The physical examination for primary dysmenorrhea should include an abdominal exam for any palpable abnormalities. For sexually naïve adolescents with a typical primary dysmenorrhea history, pelvic examination is not necessary for diagnosis. Consideration of an external genital exam should be made to rule out the presence of an abnormality of the hymen. However, if the history is suggestive of causes other than primary dysmenorrhea, or the patient is not responding to first-line therapy for primary dysmenorrhea, a pelvic examination is indicated.
Imaging and laboratory testing are not recommended for primary dysmenorrhea. Testing for pregnancy, N. gonorrhoeae and Chlamydia trachomatis are important in sexually active adolescents. Pelvic ultrasound should be used first when evaluating for pelvic anomalies as a cause of secondary dysmenorrhea, or if the patient has failed to respond to adequate therapy over three to six months. A transvaginal ultrasound is generally not recommended for patients with an intact hymen or prior to coitarche. In such cases, if the images cannot be obtained via transabdominal ultrasound, then magnetic resonance imaging may be recommended to avoid traumatizing the patient. A referral should be made to adolescent gynecology for patients suspected of secondary dysmenorrhea.
Treatment for dysmenorrhea should take into consideration what methods the patient has previously tried since many strategies are available over the counter. Non-pharmacologic methods including exercise, yoga, dietary modification and acupuncture have been investigated, but the results are conflicting from small studies. Topical heat has been shown to provide symptomatic relief of pain and is an inexpensive, easily accessed option. A variety of supplemental herbs and vitamins such as ginger, fish oil, vitamin B1 or rosehips may be used by some patients. A Cochrane review from 2016 of dietary supplements for dysmenorrhea (27 studies, 3,101 women) found a lack of high-quality evidence to support recommendations for use.7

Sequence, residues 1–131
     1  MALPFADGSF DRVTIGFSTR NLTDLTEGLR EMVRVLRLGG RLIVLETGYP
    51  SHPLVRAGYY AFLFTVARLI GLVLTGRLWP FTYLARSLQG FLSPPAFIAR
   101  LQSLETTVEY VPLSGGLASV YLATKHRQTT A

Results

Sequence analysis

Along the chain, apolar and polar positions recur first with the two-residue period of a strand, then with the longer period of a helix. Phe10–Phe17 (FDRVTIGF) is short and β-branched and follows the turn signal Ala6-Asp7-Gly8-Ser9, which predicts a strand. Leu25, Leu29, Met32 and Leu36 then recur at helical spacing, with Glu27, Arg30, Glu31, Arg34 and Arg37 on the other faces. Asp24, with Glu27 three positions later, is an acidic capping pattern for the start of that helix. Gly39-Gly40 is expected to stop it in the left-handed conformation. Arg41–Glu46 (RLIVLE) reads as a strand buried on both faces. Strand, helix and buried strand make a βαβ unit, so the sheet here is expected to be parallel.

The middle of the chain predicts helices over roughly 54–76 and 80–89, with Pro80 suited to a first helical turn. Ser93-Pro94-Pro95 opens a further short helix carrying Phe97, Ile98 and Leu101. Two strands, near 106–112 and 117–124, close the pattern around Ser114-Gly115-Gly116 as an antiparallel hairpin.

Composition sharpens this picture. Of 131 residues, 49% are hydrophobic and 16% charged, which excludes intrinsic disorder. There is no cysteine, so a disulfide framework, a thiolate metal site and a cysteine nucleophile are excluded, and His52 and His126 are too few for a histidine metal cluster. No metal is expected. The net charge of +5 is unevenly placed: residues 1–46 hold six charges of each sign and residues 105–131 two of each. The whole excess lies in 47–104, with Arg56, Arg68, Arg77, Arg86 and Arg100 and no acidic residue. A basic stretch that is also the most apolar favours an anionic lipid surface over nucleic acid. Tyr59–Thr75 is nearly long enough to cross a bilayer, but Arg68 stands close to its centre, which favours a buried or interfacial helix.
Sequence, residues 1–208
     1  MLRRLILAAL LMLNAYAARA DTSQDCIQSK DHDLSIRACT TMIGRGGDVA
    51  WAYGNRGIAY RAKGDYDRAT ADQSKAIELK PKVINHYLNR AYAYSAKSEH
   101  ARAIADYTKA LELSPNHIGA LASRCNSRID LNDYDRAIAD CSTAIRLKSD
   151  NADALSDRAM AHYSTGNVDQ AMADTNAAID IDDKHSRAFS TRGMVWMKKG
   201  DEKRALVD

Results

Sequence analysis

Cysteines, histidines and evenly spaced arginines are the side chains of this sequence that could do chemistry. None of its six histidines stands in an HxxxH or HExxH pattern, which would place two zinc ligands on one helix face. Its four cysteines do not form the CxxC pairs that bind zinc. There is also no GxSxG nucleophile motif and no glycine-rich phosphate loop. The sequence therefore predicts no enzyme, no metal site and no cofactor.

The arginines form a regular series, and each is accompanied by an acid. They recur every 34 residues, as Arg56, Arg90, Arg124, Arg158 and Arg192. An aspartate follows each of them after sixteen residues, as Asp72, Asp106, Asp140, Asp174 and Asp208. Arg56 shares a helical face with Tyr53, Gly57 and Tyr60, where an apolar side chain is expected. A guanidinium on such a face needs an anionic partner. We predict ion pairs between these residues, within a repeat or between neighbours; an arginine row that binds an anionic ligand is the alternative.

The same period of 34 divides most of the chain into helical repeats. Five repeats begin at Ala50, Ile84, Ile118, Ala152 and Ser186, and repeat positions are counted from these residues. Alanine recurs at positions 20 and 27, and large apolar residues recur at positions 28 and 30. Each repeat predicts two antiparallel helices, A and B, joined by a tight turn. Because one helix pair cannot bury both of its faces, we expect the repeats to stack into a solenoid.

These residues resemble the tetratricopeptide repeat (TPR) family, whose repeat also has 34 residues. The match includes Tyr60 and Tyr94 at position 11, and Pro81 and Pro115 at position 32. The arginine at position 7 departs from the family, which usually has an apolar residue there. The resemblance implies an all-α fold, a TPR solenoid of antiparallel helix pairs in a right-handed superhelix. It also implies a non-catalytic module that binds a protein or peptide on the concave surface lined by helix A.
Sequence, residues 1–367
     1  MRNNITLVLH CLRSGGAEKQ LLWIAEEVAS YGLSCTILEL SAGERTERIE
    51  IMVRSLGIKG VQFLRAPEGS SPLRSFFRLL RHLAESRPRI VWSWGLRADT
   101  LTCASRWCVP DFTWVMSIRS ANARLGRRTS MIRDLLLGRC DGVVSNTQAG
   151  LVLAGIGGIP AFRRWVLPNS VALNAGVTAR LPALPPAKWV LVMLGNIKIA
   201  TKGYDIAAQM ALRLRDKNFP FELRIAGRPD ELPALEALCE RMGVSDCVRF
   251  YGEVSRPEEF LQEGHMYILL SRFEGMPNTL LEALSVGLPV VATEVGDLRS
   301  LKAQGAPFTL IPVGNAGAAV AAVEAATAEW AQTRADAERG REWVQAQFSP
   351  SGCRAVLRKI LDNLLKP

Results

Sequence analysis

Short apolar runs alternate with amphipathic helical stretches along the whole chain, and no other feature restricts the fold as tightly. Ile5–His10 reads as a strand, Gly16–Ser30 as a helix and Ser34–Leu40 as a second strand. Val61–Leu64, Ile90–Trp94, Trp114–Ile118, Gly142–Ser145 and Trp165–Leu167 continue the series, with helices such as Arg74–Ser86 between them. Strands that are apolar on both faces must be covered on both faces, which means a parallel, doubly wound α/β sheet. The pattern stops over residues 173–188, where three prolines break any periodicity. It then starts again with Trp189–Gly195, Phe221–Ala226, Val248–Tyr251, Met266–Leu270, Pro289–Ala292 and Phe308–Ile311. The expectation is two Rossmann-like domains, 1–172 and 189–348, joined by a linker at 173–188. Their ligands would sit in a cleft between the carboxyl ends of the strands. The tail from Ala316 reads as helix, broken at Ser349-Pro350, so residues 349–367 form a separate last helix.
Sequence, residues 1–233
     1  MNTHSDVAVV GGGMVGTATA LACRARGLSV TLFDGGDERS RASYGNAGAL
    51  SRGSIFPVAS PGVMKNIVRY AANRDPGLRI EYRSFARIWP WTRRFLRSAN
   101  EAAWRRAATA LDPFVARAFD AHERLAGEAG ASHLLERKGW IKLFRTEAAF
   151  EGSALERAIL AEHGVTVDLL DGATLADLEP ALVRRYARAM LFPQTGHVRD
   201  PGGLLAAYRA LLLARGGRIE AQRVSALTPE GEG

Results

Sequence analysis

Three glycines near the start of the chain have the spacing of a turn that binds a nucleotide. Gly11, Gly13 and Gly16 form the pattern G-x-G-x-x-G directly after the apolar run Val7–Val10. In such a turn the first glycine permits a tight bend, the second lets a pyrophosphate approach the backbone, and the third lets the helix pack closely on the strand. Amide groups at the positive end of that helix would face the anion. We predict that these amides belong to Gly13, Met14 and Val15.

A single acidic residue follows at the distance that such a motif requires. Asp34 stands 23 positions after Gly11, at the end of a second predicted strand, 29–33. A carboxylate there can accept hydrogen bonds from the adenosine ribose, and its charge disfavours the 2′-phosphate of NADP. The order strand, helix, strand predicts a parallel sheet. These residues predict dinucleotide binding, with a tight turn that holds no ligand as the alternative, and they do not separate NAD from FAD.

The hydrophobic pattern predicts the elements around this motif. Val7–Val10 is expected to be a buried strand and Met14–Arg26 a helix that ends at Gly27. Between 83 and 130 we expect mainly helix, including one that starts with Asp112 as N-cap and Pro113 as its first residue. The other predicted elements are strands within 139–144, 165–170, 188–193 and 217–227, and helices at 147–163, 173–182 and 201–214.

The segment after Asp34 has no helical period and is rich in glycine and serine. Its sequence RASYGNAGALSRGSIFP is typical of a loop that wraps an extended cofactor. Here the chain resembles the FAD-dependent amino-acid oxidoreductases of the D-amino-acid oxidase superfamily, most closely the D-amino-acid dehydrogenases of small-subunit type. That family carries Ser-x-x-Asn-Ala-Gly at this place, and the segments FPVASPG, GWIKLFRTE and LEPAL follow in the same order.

Pharmacologic management of dysmenorrhea is step-wise and should consider additional benefits and contraceptive needs.
First-line treatment options include NSAIDs, combined hormonal therapy and long-acting reversible contraceptives (LARCs). The goal of pharmacologic treatment is to reduce prostaglandin production and action, as well as menstrual flow.
NSAIDs work to inhibit the cyclooxygenase pathway preventing the production of PGF2a from arachidonic acid. A recent Cochrane review of 80 randomized controlled trials concluded that NSAIDs are superior to placebo in the treatment of dysmenorrhea. There is not enough evidence to recommend one NSAID over another.8 When choosing NSAIDs, consideration should be made for ease of use and adherence to dosing recommendations. NSAIDs should be started one to two days prior to the onset of menses if the cycle is predictable, or immediately with onset if it is not predictable. Scheduled dosing should continue for the first two to three days of the menstrual cycle. Use of a loading dose has been shown to have some improvement over pain control (Table 3).